Cost-Benefit Analysis and Conflict Monitoring: the Anterior Cingulate Cortex

The anterior cingulate cortex (ACC) is often activated during tasks with multiple conflicting responses. One theory is that the ACC itself detects conflict, and then up-regulates attention or "cognitive control" to improve the chances that a correct response is chosen. Another theory is that strong activity within dlPFC signals this heightened conflict, and the ACC "kicks in" as an additional resource to help mitigate competition.

However, recent evidence from Milham & Banich suggests that ACC activation may not be limited to situations involving conflict, but may instead be a functionally diverse area where the more anterior or rostral part is involved in error-related processing and only the posterior portion is activated by conflict.

To demonstrate this, the authors used a version of the Stroop task in which the to-be-named color was either the color in which a word was written, or whether it surrounded the word (i.e., the word was superimposed on a block of that color). As in the classic Stroop, the words could also be congruent color words (i.e., RED), incongruent color words (i.e., GREEN) or neutral non-color words (i.e., LOT) (note that all these examples demonstrate the condition where the word was written in that color; in the "surround" condition, all the words were written in grey ink on top of a block of color). Using this design, the authors calculated the percent facilitation (i.e., how much faster subjects were to respond to congruent than neutral trials) and percent interference (i.e., how much slower subjects were to respond to incongruent than neutral trials) for both the classic and "surround" conditions. 18 right-handed subjects completed this task inside a 1.5 T fMRI machine.

The results showed that RT interference was twice as strong for the classic than the surround condition, suggesting that subjects had a particularly difficult time naming the visible color when it was the same color used to write the word. Disjunction analyses showed that the anterior portion of the rostral ACC was specifically sensitive to interference (but not facilitation) whereas the posterior rostral zone of ACC was sensitive to interference and facilitation. Surprisingly, no regions in frontal or parietal cortex showed differential activation between the classic and surround conditions except for anterior inferior prefrontal cortex, which was more highly activated in the classic than the surround condition (but this was not reported as significant).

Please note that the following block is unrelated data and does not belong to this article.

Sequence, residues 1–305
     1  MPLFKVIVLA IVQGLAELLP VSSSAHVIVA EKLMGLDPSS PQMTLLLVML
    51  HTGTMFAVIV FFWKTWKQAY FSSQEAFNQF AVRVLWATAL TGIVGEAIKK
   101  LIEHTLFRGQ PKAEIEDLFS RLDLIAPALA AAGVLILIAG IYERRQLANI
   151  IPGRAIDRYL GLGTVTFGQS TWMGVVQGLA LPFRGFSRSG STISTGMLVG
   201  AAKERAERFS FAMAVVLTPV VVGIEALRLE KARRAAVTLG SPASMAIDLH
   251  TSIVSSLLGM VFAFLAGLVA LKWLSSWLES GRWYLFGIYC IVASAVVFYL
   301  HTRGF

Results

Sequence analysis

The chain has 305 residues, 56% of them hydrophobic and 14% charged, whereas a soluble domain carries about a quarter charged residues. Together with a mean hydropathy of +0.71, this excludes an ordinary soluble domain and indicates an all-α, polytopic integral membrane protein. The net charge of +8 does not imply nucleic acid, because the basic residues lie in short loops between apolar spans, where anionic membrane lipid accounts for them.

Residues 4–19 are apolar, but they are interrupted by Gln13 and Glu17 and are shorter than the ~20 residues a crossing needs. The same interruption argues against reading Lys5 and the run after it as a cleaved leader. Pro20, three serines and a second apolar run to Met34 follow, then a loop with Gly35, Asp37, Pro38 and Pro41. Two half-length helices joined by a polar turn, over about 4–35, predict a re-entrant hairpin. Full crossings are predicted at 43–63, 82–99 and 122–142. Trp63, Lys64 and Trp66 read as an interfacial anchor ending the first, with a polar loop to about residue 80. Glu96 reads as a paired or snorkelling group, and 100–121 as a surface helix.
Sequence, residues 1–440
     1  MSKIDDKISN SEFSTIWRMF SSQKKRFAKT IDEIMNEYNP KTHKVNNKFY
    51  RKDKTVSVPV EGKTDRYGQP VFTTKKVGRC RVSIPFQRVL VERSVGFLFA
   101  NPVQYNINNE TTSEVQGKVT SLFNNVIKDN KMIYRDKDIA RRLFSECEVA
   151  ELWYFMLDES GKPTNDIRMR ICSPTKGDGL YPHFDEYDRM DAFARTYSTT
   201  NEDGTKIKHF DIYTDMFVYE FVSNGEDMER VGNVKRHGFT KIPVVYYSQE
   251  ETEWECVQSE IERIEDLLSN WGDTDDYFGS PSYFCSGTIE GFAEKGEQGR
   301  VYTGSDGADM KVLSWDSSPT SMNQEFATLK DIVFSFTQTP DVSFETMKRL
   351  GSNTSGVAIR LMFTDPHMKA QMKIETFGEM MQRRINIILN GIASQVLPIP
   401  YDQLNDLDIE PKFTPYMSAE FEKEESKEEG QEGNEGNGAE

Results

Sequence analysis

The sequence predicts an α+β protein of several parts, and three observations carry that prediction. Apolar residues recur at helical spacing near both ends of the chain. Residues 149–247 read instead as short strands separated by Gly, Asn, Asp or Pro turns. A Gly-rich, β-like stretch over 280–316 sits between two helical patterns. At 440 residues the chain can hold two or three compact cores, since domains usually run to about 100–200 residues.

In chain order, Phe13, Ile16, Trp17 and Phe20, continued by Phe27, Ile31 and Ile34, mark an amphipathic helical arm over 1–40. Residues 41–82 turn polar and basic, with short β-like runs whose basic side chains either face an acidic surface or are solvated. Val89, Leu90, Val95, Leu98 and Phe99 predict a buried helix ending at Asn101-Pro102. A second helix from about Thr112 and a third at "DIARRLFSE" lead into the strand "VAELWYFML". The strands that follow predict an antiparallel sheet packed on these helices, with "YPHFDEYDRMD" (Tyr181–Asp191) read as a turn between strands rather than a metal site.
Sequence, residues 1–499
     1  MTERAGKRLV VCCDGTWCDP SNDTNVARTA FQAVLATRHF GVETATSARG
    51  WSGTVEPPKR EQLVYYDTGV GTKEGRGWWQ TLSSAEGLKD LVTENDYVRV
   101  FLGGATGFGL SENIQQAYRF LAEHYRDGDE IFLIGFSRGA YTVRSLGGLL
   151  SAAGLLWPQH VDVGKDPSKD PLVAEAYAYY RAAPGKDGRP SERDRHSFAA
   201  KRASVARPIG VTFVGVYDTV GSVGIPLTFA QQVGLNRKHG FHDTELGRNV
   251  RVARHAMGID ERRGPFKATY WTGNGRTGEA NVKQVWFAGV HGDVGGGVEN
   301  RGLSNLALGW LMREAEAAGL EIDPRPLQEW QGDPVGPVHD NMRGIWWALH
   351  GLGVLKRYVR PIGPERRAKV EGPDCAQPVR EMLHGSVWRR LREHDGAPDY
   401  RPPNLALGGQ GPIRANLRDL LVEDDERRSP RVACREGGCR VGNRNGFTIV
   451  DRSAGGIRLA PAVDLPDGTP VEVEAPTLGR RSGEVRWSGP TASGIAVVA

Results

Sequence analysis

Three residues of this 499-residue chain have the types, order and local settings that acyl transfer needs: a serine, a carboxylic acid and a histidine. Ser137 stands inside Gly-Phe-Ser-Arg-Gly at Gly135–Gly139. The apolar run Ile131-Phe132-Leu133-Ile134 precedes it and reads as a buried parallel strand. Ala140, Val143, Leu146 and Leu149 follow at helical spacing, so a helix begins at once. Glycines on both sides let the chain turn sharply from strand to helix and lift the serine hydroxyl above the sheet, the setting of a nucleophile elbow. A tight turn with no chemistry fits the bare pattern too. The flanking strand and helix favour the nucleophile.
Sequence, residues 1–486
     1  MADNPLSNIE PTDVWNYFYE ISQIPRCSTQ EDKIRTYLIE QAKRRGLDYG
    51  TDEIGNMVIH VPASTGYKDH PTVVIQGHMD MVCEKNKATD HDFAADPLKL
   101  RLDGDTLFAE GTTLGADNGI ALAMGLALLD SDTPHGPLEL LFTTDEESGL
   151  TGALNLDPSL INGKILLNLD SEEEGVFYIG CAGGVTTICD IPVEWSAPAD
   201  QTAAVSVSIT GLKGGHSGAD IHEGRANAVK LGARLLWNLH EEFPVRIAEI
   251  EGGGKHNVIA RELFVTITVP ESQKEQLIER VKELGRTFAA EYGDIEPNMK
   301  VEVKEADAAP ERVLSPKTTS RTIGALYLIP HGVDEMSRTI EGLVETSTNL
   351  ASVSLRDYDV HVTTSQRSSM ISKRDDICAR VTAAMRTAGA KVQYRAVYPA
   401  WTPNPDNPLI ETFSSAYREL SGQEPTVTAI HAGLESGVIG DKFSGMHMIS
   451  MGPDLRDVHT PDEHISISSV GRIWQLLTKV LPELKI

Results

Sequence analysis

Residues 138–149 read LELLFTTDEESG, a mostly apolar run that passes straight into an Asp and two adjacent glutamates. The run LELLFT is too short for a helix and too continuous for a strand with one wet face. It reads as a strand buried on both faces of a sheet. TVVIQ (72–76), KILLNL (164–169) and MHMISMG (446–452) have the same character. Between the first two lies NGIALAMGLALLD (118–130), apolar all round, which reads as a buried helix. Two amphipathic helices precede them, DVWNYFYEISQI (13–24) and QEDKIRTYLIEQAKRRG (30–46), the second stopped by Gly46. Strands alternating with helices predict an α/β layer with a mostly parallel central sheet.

The authors conclude that they identified two functionally distinct subregions of ACC: one that is sensitive to response conflict (posterior rostral ACC; prACC) and one that is sensitive to error-related processing (anterior rostral ACC; arACC. They suggest that prACC may be involved in "response selection, facilitating infrequent or novel responses, and inhibiting prepotent responses" whereas arACC may be involved in conflict monitoring proper.

Of course, it is possible to suggest that even prACC is involved in conflict monitoring, but that conflict includes not only response conflict but also conflict related to which aspect of a stimulus to process, or "stimulus evaluation."

In a related review article, Botvinick, Cohen & Carter discuss a variety of interpretations of the function of ACC. They also make the distinction between prACC and arACC in the context of errors: some work shows that prACC responds both during errors and during high-conflict settings, whereas arACC responds preferentially to error trials. Finally, prACC may be the source of the error-related negativity signal detected with ERP in response to errors.

Botvinick et al. conclude their review with a fascinating hypothesis: data from gambling tasks suggests that the conflict monitoring subserved by ACC may be sensitive to rewards and response efforts - in other words, calculating some sort of cost/benefit analysis. In this view, ACC is a "action-outcome evaluator."

Related Posts (primarily related to ACC):
Imaging Lapses of Attention
Selection and Updating Frequency in the Attentional Blink
Reversing Time: Temporal Illusions
Developmental Change in the Neural Mechanisms of Risk Perception


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